Create New Will – Sometimes it is wise to revoke your old will and make a new one. If you don’t have a will, now is the time to do so. Also, if you have a living trust while you were married update it.
- Leave your property to those you choose.
- Name an executor to administer your estate when the time comes.
- Select a guardian to care for your minor children.
Leave Property – If you made a will while you were married, you probably left everything to your spouse. With a new will you will be naming new beneficiaries and alternate beneficiaries.
Name an Executor/Personal Representative – If you don’t want your ex-spouse to inherit your property, you probably don’t want him or her in charge of your estate, either.
Select a Guardian for Minor Children – A key reason that many parents of young children make wills is to name a guardian who would raise children under the age of 18. A court will appoint a guardian to care for a child only if both parents are deceased or unfit. In your will, however, you can name whomever you choose to serve as guardian, in case both you and the other parent aren’t available.
Missouri has laws in place that automatically revoke any provisions in your will that favor an ex-spouse from whom you are divorced. Although, if you have minor children, it’s still a good idea to have your guardian nominations reviewed. In addition, while the state may automatically remove your ex from authority roles, you will need to choose someone as a replacement.
Update Beneficiary and Transfer on Death Designations – Most insurance policies, bank accounts, etc. include the designation of a beneficiary. This is the person who will receive money from a policy(s) or account(s) upon your death. Update your beneficiary designations for:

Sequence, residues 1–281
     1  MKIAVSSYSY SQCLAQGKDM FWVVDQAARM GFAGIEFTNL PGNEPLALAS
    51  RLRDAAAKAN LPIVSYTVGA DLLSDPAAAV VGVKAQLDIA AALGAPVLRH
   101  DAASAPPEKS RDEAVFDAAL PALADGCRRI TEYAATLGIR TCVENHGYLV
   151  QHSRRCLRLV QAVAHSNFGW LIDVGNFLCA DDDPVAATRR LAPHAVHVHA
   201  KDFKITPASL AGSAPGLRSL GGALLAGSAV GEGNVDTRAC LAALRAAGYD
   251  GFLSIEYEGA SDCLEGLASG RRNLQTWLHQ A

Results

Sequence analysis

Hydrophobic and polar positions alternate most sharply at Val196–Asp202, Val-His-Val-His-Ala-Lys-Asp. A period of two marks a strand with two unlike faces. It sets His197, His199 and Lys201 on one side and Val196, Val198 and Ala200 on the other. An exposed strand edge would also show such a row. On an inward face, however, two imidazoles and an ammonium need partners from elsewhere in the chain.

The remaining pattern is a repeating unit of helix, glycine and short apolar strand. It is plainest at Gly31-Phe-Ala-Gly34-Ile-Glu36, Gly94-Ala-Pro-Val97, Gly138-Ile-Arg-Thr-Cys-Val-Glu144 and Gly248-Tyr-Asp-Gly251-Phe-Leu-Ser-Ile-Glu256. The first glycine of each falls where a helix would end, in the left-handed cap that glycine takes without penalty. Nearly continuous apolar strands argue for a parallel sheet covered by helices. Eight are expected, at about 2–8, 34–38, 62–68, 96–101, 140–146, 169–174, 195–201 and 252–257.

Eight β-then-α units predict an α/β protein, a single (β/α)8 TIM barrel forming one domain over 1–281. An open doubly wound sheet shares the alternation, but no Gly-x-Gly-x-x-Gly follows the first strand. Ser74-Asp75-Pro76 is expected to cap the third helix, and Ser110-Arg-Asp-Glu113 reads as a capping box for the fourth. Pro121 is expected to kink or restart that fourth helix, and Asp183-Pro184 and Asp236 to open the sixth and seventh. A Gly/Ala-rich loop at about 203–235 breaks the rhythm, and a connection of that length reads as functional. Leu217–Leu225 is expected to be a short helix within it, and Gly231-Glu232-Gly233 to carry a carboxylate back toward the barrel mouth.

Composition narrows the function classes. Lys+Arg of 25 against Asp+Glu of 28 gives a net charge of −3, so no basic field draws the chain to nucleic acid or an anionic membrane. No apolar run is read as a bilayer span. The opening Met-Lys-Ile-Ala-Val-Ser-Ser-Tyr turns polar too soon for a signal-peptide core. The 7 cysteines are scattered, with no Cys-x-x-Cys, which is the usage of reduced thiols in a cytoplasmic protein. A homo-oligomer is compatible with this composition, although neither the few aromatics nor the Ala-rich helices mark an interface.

- Life insurance policies
- Retirement accounts such as IRAs and 401(k)s
- Pay-on-death bank accounts
- Transfer-on-death brokerage accounts
“To name a new person to inherit these assets, request new documents from your bank, brokerage company, or employer, and submit them as soon as possible. Don’t assume that state law (or even the terms of a divorce decree) will revoke any earlier designations you made naming your former spouse. Certain “qualified plans,” such as 401(k)s, pensions, and employer-provided life insurance policies, are governed by a federal law called ERISA (the Employee Retirement Income Security Act). And ERISA says that a plan administrator must turn funds over to the beneficiary named in the plan documents-no matter what state law says. So if your former spouse is still the named beneficiary, he or she will inherit unless you change the paperwork.”
Make New Powers of Attorney – Powers of attorney are a big part of an estate plan. You should have two powers of attorney: one for financial matters and one for medical directives. If you already have powers of attorney that give your former spouse authority to make decisions on your behalf, revoke them and make new documents.
Financial Matters – These types of legal documents determine who will be in charge of your finances should you become unable to take care of them yourself. The power of attorney gives the named party major financial power so it is wise to update as soon as possible.
Healthcare Directives – Your healthcare directives names the party who has the authority to make medical decisions on your behalf if you are not able to do so yourself. If you have a living will, your ex may be named on it, so be sure to update.
In conclusion, if you are facing a divorce, be sure to make estate planning a priority. This is an area that sometimes gets neglected, but should be addressed with a qualified attorney. At Stange Law Firm, PC, we can refer you to an attorney who can help.
Source: Revising your Estate Plan after Divorce, NOLO, Mary Randolph, J.D.